Since the mid 1990s, precipitation in many parts of Canada has become much more early in the 20th Century, Albert Howard, working in India, Noted the prominence of pests on crops where “artificials” (chemical fertilizers) were used, and their virtual absence in the traditional farming systems.
In this article, “pest” refers to insect pests, parasitic nematodes and pathogenic microbes. Howard’s observations and trials indicated that good aeration and an ample supply of humus are the keys to “healthy soils,” those being soils that support healthy, pest-free plants, livestock and humans. Howard promoted composting as a means of increasing the supply of humus.1
Howard worked with farmers and gardeners to test, develop and promote these concepts, setting in motion the organic farming movement. For the most part however, his concepts were received with skepticism and even derision by the mainstream scientific community.1,2 That perspective began to change about thirty years ago as the scientific study of soils and pests, and the role of “pests” in natural systems became more sophisticated and extensive.
Today, a multitude of studies have confirmed the pest-suppressing qualities of compost and biodiverse soils. Biodiverse soils include soils from natural grasslands, forests and farmland managed to support high levels and diversity of soil biota. The many and subtle mechanisms of pest suppression are gradually being elucidated. They include, but not exclusively, the following.
Mechanisms of pest suppression
Competition: High levels and diversity of soil microbes diminish the populations or infectivity of soilborne pathogens; this occurs because the soil microbes compete with the pathogens for food and space. Soilborne pathogens include some of the more intractable diseases of crops such as take-all in wheat. Biodiverse soils also contain fungi and bacteria that consume, parasitize or are otherwise antagonistic to many soilborne crop pathogens.3
Induced resistance: exposure to compost, compost extracts or to certain microbes (both pathogenic and non-pathogenic) can induce plants to develop resistance to a broad range of soilborne and airborne pathogens. Induced resistance is described as a broad spectrum, long lasting resistance and appears to be most effective against fungi, less so against bacteria, and least against systemic viruses.3,4
Natural enemies: feeding the soil stimulates the proliferation of soil biota and production of alternate prey for natural enemies such as carabid beetles; high populations can then respond quickly to pest outbreaks.5
Buffering of nutrient supply: soils with a high level of humus have high nutrient holding capacity. Humus and microbial biomass provide a more gradual and balanced release of nutrients than is possible with synthetic fertilizers. More balanced mineral nutrition makes crops more resistant to pests and disease.6
The gradual release of N (nitrogen) from humus is particularly important. Many insect pests and fungal pathogens are stimulated by lush growth and/or high N in plants (although some are stimulated by low plant N).6,7
Reduced stress: soils with high humus and biodiversity have improved capacity to take up and store water. This can reduce water stress. As well, the avoidance of fertilizer salts on organic farms reduces added stress due to concentration of salts when soils lose moisture. These and other types of stress increase pest problems, possibly by restricting protein synthesis, which in turn increases soluble organic N and makes tissues more nutritious to many pests.7,8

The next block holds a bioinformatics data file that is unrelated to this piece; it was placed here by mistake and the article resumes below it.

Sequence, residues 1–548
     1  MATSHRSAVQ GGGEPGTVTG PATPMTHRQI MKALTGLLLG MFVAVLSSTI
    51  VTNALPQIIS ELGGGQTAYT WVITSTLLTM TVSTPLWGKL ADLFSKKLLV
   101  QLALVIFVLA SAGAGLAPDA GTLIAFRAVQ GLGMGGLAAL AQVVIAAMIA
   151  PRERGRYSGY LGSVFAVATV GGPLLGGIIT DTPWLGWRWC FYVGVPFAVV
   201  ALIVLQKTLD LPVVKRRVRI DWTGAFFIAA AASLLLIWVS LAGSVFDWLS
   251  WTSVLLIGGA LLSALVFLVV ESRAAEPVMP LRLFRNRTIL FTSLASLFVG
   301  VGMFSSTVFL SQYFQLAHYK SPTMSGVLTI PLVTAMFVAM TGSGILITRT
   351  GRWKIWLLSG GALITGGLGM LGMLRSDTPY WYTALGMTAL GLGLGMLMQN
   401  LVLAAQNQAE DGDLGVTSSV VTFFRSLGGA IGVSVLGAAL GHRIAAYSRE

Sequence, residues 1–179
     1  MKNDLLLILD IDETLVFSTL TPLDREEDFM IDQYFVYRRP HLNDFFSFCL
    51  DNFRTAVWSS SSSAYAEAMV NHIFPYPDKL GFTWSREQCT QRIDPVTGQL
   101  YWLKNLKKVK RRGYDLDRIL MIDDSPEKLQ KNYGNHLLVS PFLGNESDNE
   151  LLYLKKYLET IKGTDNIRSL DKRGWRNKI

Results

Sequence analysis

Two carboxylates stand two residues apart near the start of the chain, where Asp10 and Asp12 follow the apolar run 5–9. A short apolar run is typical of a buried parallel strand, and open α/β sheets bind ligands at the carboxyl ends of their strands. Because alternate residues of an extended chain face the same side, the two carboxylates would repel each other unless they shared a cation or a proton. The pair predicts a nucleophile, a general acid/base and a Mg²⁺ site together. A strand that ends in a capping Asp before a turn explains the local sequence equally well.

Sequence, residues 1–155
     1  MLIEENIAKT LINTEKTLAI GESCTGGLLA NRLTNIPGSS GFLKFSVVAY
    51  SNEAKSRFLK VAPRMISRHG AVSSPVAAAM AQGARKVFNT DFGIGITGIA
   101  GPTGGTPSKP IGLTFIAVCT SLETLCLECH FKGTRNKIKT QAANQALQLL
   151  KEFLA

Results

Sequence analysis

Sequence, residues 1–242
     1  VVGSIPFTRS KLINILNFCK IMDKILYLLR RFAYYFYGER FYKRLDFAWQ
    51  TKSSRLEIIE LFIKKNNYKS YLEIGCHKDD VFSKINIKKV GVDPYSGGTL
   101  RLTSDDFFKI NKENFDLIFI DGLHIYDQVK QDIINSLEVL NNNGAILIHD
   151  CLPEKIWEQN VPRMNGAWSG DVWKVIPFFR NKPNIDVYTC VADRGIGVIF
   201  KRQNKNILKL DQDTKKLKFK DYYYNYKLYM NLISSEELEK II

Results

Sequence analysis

Albert Howard attributed the pest-suppressing qualities of compost to the ability of compost to stimulate the development of mycorrhizal associations with plants. I am not aware of any modern studies on the stimulation of mycorrhizae by compost. However, there are many reports of mycorrhizal infections protecting plants from particular diseases and pests. A variety of mechanisms are involved.3
On-farm studies provide further evidence of the benefits of organic management for soil health. For example, a study of 31 tomato fields on 17 farms in California, half organic and half conventional, revealed that organic farms had higher microbial biomass, more efficient N cycling, reduced occurrence of cork root disease, a higher diversity of actinomycetes, and a higher abundance of natural enemies. Overall soil quality increased with time under organic management.9
The fact that organically managed systems are more resistant to pests hardly needs to be confirmed for its practitioners. The studies provide a basis for fine tuning organic management of soils and compost for control of pests. For example, we now understand that some disease-suppressing qualities are fairly universal and relate to overall soil or compost quality, while others are more sporadic and relate to the presence of specific organisms.3 In the latter case, the specific organisms may be used as biological control agents. Such agents and also complex mixtures of microbes are likely to be most helpful during the transition to organic farming, and less needed on established organic farms.
• Consider special measures to facilitate recolonization of compost after the heating phase. Many beneficial microbes are eliminated during the heating of compost. Thus composting on top of soil (versus a concrete pad) and regular turning of compost after the heating phase may help to establish a beneficial biota. It may be helpful to introduce some good soil to the compost once temperatures start to decline or to incorporate compost in field soil several months before planting. Moisture content following peak heating should be at least 40 to 50% moisture to facilitate recolonization and compost should be cured for 4+ months. 3, 16Feeding the soil.
• Employ residue management systems that break residues up and incorporate them near the soil surface to stimulate colonization and aerobic decomposition by soil microbes. On the other hand, strict no-till systems increase a number of soilborne pathogens that affect foliage (e.g. glume blotch) and roots (e.g. take-all). This is because large, infested plant fragments can act as refuges from competing microbes. 17• Always use a well matured compost in seedling flats (where it is particularly effective against damping off and root rot), seedbeds and on growing crops.3• When fresh residues or immature compost are applied to soil, allow a digestion period of 2–3 weeks before planting a crop; fresh residues stimulate root pathogens.16Providing good drainage